Extended use of stimulants to treat attention-deficit hyperactivity disorder (ADHD) from childhood into adulthood may result in suppressed adult height without reduced symptoms of ADHD, according to a new follow-up study published March 10 in The Journal of Child Psychology and Psychiatry.
In the 1990s, the National Institute of Mental Health (NIMH) funded a massive randomized clinical trial designed to evaluate the effectiveness of the leading treatments for ADHD called the “Multimodal Treatment of Attention Deficit Hyperactivity Disorder (MTA) Study".
The primary findings of the MTA study—which compared the effectiveness of pharmacological and behavioral therapy for treating ADHD in 579 children (7-10 years of age)—were published in 1999. Since then, longitudinal follow-up data (such as the latest suppressed height findings reported this week) continue to be published.
The MTA authors of the new study conclude that the short-term treatment of ADHD with stimulant medication may be justified in some cases. However, the long-term consequences of pharmacological treatments for ADHD are associated with growth-related costs that may not justify the symptom-related benefits in the long run.
James M. Swanson from the University of California, Irvine is the corresponding author of this study, which has a total of 30 co-authors—from prestigious universities such as Stanford, Duke, Columbia, Berkeley, McGill, NYU and Mt. Sinai—who are all part of the MTA Cooperative Group. The authors of this study write:
"The most recently published guidelines (American Academy of Pediatrics, 2011) recommend expanding the diagnosis and treatment beyond school-aged children and using stimulant medication as first-line treatment for adolescents as well as school-aged children.
Since this would increase the average duration of treatment and cumulative ME dose of medication in some individuals, the findings suggest growth-related costs may increase."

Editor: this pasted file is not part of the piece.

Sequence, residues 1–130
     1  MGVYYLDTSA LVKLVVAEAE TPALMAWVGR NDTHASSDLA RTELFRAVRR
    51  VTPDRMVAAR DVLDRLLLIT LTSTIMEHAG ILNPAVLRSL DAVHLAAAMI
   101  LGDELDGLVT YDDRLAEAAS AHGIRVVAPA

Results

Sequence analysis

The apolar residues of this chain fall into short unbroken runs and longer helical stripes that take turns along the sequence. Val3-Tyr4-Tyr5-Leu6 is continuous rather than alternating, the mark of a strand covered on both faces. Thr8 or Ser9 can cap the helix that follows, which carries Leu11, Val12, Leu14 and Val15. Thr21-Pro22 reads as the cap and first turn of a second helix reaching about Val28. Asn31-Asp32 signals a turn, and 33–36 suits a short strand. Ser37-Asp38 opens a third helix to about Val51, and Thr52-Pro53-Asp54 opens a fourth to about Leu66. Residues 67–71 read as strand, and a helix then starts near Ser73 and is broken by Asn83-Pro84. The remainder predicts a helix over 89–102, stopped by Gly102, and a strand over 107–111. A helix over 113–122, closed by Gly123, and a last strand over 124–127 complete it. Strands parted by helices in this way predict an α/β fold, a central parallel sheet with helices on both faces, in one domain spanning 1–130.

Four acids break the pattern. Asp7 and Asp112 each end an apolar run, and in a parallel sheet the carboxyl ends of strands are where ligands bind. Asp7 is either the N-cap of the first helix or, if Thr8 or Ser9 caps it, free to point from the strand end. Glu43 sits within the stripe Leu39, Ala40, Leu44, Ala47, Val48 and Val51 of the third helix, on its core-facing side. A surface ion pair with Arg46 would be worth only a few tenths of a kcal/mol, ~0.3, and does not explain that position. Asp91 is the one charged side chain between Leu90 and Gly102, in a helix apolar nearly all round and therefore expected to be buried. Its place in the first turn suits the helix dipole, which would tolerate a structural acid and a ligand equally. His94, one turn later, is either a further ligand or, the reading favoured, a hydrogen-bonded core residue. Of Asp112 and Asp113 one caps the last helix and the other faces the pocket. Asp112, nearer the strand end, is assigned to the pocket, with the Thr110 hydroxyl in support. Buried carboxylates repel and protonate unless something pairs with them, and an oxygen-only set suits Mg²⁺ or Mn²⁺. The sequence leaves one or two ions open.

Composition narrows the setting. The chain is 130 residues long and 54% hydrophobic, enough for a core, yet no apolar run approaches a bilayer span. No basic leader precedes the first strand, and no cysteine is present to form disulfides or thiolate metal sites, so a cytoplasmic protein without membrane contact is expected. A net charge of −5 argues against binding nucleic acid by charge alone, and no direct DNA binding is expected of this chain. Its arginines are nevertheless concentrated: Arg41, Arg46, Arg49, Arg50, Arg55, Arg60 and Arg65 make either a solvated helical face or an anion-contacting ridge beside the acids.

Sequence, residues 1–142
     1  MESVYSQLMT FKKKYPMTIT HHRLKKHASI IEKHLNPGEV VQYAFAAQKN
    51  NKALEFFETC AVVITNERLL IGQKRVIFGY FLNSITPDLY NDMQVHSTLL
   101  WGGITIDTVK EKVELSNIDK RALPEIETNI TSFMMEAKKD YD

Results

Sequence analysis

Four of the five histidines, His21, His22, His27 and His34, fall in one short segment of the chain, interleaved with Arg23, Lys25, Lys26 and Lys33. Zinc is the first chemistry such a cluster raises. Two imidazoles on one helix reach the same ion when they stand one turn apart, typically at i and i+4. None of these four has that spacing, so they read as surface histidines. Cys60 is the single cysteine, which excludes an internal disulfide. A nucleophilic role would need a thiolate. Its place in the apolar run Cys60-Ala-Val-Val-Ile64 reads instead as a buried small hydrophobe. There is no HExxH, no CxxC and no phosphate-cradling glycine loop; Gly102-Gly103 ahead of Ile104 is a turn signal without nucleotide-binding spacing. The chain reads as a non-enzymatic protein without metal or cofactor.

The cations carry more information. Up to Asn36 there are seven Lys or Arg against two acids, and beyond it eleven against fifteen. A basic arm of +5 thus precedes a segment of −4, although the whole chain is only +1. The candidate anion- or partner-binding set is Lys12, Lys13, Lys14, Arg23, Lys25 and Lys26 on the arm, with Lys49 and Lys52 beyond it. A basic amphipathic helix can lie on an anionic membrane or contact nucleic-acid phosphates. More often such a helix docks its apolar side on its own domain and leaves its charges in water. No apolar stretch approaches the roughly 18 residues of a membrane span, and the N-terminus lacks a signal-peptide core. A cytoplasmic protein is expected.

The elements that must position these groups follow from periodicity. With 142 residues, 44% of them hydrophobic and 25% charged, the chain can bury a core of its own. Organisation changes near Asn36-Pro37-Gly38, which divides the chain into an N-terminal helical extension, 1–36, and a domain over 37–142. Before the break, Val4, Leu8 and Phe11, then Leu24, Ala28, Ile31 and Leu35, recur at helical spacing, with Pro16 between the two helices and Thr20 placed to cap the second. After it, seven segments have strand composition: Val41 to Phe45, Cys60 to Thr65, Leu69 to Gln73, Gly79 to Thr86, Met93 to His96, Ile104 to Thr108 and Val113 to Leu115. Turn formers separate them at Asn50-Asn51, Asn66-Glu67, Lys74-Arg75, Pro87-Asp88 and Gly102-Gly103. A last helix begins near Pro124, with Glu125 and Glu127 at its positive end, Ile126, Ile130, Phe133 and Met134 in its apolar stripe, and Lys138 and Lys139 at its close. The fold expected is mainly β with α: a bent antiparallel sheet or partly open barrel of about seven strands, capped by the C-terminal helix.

In December 2013, I wrote a Psychology Today post, "Are Pharmaceuticals the Answer for Treating ADHD?" My blog post was inspired in part by the study, "Trends in the Parent-Report of Health Care Provider-Diagnosed and Medicated Attention-Deficit/Hyperactivity Disorder: United States, 2003–2011" from the January 2014 Journal of the American Academy of Child and Adolescent Psychiatry (JAACAP). The conclusion of this study stated:
"Approximately 2 million more U.S. children/adolescents aged 4 to 17 years had been diagnosed with ADHD in 2011, compared to 2003. More than two-thirds of those with current ADHD were taking medication for treatment in 2011."
In my 2013 PT blog post, I conclude, "There are clearly cases when pharmaceuticals dramatically improve a person’s physical and mental health. Every individual and parent must remain vigilant about knowing when medication is going to be beneficial in both the short and long-term."
Based on the latest findings from the MTA Cooperative Group, extended use of medication to treat ADHD is associated with suppression of adult height by age 25, but not a reduction of symptom severity. For anyone who wants to achieve his or her full height by adulthood, the long-term outcomes of extended ADHD medication use probably aren't worth the growth-related costs.
Swanson, J. M., Arnold, L. E., Molina, B. S. G., Sibley, M. H., Hechtman, L. T., Hinshaw, S. P., Abikoff, H. B., Stehli, A., Owens, E. B., Mitchell, J. T., Nichols, Q., Howard, A., Greenhill, L. L., Hoza, B., Newcorn, J. H., Jensen, P. S., Vitiello, B., Wigal, T., Epstein, J. N., Tamm, L., Lakes, K. D., Waxmonsky, J., Lerner, M., Etcovitch, J., Murray, D. W., Muenke, M., Acosta, M. T., Arcos-Burgos, M., Pelham, W. E., Kraemer, H. C. and the MTA Cooperative Group (2017), Young adult outcomes in the follow-up of the multimodal treatment study of attention-deficit/hyperactivity disorder: symptom persistence, source discrepancy, and height suppression. J Child Psychol Psychiatr. doi: 10.1111/jcpp.12684
Visser, Susanna N. et al. Trends in the Parent-Report of Health Care Provider-Diagnosed and Medicated Attention-Deficit/Hyperactivity Disorder: United States, 2003–2011. Journal of the American Academy of Child & Adolescent Psychiatry, Volume 53 , Issue 1 , 34 - 46.e2